Figure 4 shows the contour graph for the behavior of the% inhibition of DPPH radicals under the different combinations of the factors studied. The light green color represents the area where the lowest inhibition values occur, while the dark green color represents the area where the highest values occur. It is possible to observe that the areas where the highest values are obtained are in the moisture content-temperature and pH-temperature interaction. The heating process can trigger the degradation of natural antioxidants present in honey gold pineapple, accelerating their oxidation. It is observed that, at higher temperature values, a higher moisture content is linked, and the inhibition percentage increases. Oxidation processes can occur faster in the presence of heat, alkaline conditions, enzymes, oxidizing agents and by iron and copper catalysts. Moreover, heating at temperatures above 60 °C for 30 min can reduce the antioxidant capacity of some fruits by 10% Sari et al. [62]. However, the ranges evaluated do not exceed the optimum of the microorganism (37 °C). It is important to mention that temperature control is one of the critical criteria in solid state fermentation systems due to the static nature of the incubation conditions. Still, an increase in the temperature can be generated due to the heat released during fungal growth, causing a physiological alteration of the microorganisms and consequently affecting the metabolism of the compounds produced as well as their production [37, 73]. However, this variable cannot be analyzed independently; but, in addition to the pH and moisture content parameters that also influence the production of the compounds of interest.

Particularly from pH greater than 5.5, higher percentages of inhibition were presented. The pH of the media is an important parameter closely related to microbial growth, enzyme secretions, and the stability of phytochemicals. Furthermore, changes in pH during the solid-state fermentation process could influence the structures and concentrations of phenolic compounds, as well as antioxidant activity due to changes in the ability to donate electrons [67].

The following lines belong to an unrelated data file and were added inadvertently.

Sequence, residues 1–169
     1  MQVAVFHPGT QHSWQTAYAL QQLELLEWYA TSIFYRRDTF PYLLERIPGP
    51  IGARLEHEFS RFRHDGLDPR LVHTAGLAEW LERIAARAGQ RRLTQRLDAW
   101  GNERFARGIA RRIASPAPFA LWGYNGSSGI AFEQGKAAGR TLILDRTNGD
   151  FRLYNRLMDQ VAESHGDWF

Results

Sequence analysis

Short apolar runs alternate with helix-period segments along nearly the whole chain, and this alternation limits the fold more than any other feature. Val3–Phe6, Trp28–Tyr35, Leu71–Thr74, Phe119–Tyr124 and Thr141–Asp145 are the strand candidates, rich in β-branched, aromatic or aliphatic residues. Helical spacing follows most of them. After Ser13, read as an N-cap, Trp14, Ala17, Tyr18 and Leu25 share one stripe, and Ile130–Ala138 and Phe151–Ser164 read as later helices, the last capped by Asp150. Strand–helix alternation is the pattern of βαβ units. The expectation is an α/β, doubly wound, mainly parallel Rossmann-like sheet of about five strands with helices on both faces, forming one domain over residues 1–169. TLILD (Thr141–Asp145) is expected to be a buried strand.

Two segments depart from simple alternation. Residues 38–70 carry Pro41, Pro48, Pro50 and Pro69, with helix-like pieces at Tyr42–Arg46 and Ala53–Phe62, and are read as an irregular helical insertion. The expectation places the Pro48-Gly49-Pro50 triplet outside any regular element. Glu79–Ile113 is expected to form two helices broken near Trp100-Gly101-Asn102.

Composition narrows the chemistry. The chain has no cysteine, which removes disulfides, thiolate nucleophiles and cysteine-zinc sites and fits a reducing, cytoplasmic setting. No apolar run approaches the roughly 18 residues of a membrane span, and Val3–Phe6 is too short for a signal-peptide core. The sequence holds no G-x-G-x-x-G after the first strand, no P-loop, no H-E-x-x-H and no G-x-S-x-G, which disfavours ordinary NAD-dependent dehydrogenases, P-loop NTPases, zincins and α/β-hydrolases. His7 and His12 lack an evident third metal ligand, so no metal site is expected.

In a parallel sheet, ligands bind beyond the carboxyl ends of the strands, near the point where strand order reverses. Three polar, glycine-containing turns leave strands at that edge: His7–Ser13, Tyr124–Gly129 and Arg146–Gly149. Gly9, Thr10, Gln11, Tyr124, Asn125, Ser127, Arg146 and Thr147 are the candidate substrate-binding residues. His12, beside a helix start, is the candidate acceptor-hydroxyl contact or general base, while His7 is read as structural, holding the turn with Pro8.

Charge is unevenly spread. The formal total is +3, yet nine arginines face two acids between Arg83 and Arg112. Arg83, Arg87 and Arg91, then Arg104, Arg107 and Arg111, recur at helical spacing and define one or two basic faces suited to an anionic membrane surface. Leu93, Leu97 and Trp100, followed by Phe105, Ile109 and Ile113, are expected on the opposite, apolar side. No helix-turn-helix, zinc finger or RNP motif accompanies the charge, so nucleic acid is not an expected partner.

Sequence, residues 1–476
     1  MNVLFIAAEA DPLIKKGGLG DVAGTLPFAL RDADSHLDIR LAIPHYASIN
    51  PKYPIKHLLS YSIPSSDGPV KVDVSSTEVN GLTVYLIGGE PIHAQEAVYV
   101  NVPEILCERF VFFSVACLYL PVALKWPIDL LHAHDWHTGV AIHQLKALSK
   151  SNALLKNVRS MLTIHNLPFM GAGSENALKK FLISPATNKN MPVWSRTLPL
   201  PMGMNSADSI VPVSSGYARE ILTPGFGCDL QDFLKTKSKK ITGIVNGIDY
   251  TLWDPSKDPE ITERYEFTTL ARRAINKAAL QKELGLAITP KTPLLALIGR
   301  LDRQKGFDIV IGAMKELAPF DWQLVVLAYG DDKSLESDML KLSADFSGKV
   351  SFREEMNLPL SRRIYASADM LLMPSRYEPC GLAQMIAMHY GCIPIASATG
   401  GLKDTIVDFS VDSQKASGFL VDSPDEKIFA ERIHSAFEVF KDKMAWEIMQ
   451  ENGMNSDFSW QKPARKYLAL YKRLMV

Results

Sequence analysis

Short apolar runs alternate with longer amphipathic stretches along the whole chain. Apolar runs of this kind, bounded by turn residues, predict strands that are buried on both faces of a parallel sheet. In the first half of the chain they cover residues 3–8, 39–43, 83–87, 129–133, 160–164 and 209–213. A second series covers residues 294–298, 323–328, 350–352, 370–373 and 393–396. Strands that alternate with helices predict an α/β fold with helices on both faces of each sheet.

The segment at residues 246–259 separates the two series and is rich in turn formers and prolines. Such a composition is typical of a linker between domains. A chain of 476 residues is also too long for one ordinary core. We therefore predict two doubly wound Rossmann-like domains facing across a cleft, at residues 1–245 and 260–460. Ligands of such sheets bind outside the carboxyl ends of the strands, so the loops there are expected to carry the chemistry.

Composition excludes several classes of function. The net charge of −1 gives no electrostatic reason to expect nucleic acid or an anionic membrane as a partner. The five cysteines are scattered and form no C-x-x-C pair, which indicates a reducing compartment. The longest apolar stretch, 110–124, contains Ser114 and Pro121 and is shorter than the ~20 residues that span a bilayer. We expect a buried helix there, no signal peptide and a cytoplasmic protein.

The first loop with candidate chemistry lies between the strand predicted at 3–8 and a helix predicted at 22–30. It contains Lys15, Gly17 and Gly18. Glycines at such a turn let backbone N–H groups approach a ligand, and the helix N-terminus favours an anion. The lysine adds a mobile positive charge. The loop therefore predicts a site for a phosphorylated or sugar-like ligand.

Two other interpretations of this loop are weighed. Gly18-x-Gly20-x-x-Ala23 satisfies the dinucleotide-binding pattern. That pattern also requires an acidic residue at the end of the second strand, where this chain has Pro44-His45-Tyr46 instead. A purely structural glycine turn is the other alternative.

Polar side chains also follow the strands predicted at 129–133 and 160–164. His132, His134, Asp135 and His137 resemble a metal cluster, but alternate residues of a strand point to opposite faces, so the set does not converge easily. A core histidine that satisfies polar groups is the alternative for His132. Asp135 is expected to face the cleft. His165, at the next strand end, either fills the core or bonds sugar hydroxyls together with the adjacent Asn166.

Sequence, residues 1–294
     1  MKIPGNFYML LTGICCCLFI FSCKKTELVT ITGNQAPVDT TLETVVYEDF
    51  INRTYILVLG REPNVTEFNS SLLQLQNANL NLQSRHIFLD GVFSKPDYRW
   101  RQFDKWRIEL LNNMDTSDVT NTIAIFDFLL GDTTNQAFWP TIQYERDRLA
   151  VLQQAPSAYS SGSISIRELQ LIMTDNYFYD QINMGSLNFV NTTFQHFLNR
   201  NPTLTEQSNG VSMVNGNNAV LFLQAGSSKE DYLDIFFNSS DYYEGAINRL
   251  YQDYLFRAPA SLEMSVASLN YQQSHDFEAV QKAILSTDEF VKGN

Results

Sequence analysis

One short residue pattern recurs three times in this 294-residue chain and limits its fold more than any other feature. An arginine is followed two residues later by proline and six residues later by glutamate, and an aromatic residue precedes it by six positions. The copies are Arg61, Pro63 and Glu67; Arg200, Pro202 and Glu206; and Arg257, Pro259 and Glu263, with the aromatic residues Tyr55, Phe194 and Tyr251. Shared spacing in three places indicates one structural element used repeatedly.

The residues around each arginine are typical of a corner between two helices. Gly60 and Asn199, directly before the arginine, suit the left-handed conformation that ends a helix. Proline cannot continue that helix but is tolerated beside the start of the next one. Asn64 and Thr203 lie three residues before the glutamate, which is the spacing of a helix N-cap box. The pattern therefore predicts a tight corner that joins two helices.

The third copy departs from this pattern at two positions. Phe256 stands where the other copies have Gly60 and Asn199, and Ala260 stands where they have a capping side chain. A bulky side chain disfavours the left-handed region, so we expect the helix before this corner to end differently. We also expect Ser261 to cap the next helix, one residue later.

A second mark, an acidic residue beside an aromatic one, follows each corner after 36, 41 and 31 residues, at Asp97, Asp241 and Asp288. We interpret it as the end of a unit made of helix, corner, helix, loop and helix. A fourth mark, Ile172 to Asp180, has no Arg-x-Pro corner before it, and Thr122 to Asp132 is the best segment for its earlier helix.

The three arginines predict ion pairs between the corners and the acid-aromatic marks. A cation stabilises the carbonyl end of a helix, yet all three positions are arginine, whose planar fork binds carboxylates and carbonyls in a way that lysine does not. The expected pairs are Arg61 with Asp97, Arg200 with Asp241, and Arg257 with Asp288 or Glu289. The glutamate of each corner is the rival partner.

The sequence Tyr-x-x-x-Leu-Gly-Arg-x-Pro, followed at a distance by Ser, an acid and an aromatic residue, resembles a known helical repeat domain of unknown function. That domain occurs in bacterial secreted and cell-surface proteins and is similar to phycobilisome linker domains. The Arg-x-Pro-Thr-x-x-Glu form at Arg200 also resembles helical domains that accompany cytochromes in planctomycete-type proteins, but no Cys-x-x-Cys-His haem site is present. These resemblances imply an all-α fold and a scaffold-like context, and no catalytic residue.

Figure 5 shows the contour plot for the behavior of the% inhibition of ABTS radicals under the different combinations of the studied factors. The light green color represents the area where the lowest% inhibition values occur, while the dark green color represents the region where there is the highest inhibition of ABTS radicals. It is possible to notice that the areas where higher values are obtained occur at higher values of temperature, moisture and pH. It is important to highlight that if the moisture content is high, the production of compounds such as acids decreases, this could be attributed to the agglomeration of the particles and the reduction of gas diffusion on the surface. In contrast, if the moisture content is very low, there will be a limitation in the transfer of nutrients, altering the stability of the enzymes, the low supply of oxygen (water) and these conditions directly affect the growth of the fungus resulting in a decrease in the production of bioactive compounds [74,69,76]. Most mushrooms need a relatively low moisture content, between 30 and 60% [67]. In the case of the pineapple peel used as substrate, the results of water retention capacity allowed to conclude that the critical moisture content was 84 ± 1.05%, for which the highest value evaluated was 85% (w.b), a value higher than that could not be analyzed because it would favor the growth of other types of microorganisms.

Fig. 5
figure 5

Contour plot for the behavior of% inhibition of ABTS radicals (Color figure online)